It’s getting hard to figure out just who the Capitals are.
After a seven-game losing streak, Washington returned from the All-Star break and rebounded nicely. In a six-game homestand, Washington went 4-1-1 to get back on track. Then they started a six-game road swing with an absolutely horrendous 3-0 loss to the Columbus Blue Jackets. They followed that up with a blowout win over one of the top teams in the NHL, the San Jose Sharks. Rather than build on that momentum, however, the Caps fell apart in Anaheim and allowed five goals to a bad Ducks team in a 5-2 loss.
About the only thing we know for sure about this team at this point in the season is that they are inconsistent.
The timing for Washington’s continued inconsistencies is not ideal. The trade deadline is just one week away and now is the time when a general manager needs to know exactly who his team is so he can assess what areas he needs to improve before the deadline.
And let’s not forget Washington is also in a tight playoff race with Columbus, Pittsburgh and Carolina all hot on the Caps’ heels.
So just who are the Caps? Are they the team that started 24-10-3 or the one that lost seven straight? Are they the team that blew out the Sharks in San Jose or the one that laid an egg against the Ducks?
Washington certainly has not made Brian MacLellan’s job of evaluating the team before the deadline very easy.
Here are a few recent observations and thoughts on the Caps.
The Caps have taken the second-most minor penalties in the league. The leader? Tampa Bay. So why are the penalties such a story line for Washington and not the Lightning? Because Tampa Bay has the second-best penalty kill in the NHL. Taking that many penalties is not good, but the issue is compounded by the fact that the Caps’ penalty kill is killing off only 78.1-percent of the penalties they face.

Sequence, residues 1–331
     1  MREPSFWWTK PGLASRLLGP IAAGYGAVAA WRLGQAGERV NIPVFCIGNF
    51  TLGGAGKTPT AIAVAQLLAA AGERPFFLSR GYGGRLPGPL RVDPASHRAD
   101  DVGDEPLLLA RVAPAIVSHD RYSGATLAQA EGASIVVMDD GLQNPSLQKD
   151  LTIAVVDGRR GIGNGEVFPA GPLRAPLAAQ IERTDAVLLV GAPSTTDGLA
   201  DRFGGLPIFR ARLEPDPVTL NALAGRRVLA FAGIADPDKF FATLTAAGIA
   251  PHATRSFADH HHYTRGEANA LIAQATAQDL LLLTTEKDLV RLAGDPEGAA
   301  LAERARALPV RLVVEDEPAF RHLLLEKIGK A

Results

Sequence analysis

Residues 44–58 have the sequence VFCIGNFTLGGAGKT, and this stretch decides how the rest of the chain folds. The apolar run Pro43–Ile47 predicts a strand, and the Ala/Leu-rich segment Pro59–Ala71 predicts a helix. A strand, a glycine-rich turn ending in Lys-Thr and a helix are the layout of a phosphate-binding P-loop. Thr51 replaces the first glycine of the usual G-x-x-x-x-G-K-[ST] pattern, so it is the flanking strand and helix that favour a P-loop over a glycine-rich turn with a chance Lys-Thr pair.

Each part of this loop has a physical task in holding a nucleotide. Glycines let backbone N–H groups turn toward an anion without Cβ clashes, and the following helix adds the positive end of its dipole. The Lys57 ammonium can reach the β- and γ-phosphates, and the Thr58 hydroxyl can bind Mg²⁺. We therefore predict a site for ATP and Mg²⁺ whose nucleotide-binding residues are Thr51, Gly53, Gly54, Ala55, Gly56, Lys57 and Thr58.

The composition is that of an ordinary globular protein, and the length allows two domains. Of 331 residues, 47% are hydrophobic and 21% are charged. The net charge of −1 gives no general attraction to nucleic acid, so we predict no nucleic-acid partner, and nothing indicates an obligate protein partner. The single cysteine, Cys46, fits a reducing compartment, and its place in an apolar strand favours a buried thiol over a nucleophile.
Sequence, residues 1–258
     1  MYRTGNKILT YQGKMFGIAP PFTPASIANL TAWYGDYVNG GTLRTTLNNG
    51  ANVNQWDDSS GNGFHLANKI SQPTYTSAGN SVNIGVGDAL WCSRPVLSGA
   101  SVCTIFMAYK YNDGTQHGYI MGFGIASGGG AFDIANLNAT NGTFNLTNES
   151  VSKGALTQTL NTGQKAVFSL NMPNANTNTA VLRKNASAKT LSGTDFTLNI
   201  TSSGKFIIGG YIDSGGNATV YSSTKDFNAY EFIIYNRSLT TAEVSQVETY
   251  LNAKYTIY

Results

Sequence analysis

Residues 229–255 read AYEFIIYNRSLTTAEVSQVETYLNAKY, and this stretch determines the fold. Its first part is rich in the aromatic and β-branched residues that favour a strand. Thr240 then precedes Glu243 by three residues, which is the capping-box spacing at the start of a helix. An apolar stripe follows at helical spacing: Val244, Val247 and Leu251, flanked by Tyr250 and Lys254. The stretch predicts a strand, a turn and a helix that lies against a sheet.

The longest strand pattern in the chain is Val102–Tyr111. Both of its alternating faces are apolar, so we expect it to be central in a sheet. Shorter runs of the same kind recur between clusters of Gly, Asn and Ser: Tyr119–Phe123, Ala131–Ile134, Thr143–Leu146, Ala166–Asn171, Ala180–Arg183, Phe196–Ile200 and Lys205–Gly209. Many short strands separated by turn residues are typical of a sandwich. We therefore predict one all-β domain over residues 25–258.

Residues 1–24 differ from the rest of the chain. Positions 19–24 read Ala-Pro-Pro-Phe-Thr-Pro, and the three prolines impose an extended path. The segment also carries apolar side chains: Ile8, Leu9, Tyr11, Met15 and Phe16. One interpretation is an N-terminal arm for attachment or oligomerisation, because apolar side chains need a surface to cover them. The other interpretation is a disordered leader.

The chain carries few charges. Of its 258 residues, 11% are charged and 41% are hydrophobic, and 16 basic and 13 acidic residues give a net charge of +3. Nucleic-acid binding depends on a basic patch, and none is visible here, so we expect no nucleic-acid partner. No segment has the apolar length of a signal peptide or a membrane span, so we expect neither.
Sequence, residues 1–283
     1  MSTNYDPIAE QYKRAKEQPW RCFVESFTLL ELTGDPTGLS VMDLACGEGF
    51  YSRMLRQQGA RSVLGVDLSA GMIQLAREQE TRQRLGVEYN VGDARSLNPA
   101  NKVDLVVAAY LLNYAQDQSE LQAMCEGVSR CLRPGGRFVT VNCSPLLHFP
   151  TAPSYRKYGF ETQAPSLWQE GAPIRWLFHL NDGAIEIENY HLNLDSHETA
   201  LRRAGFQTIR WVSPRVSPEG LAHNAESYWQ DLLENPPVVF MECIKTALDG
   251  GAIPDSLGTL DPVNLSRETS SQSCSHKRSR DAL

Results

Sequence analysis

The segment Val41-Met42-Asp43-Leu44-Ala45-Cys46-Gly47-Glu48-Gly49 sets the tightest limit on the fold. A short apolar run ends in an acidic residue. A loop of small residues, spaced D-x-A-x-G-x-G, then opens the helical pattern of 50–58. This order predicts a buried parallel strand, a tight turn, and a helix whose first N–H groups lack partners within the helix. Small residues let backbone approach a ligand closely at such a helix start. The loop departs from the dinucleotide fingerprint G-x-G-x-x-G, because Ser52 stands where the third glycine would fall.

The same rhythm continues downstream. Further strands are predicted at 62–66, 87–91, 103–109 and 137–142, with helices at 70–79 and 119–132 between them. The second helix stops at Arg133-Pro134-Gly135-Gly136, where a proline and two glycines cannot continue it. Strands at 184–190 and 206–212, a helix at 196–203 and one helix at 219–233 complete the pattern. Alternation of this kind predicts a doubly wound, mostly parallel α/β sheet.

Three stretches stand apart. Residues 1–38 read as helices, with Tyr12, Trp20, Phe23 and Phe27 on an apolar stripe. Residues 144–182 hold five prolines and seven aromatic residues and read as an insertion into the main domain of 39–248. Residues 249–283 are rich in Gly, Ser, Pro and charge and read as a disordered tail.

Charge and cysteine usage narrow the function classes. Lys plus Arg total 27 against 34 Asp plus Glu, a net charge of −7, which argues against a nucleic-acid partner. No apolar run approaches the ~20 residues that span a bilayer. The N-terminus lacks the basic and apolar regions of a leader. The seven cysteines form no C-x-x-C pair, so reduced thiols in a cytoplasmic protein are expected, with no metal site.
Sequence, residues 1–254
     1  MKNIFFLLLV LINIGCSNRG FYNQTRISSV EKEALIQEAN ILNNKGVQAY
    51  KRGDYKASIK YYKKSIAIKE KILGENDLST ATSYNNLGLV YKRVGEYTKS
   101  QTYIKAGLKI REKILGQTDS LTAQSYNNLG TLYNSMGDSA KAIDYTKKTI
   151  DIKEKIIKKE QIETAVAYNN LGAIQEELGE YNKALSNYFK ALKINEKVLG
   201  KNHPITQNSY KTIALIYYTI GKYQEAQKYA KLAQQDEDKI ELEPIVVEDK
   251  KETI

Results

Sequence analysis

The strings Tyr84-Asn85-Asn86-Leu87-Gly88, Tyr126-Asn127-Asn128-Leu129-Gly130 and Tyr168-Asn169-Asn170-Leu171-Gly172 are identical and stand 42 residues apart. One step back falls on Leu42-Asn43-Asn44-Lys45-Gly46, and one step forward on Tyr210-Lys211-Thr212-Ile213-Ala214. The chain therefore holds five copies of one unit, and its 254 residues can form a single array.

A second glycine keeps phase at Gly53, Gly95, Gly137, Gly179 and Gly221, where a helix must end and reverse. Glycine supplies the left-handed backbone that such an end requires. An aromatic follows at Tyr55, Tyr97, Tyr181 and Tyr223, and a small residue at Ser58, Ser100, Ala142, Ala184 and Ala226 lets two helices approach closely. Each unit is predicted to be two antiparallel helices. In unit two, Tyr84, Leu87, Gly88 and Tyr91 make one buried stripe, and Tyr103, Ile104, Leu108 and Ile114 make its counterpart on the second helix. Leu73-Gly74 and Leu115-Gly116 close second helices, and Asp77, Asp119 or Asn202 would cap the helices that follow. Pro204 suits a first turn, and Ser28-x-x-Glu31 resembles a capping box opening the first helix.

The neutral zone is one of the keys to the Caps’ success. That was evident in the game against San Jose and one of the biggest reasons for their success in the playoffs. When they control the neutral zone and don’t let opposing offenses have clean breakouts, they are a tough team to beat. When they don’t control the neutral zone then teams like Anaheim, the worst offensive team in the NHL, manages 39 shots on goal and five goals.
What is going on with the defensive breakdowns? Anaheim’s second goal on Sunday was one of the worst defensive breakdowns you will see in the NHL. That shouldn’t happen. A lot of them are coming from bad line changes. These are fixable mistakes, but ones you do not expect to see in February.
On a happier note, Jakub Vrana looks like he has turned a corner. He has been phenomenal of late and is someone Caps fans should be very excited about. Not only is he talented, but he seems to have the right attitude and really takes it on himself to improve his game.
The Caps are 1-2-0 to start their six-game road trip and have some work to do to make sure the road swing is a successful one. They also have some work to do in the NHL Power Rankings. Check out this week’s rankings here.
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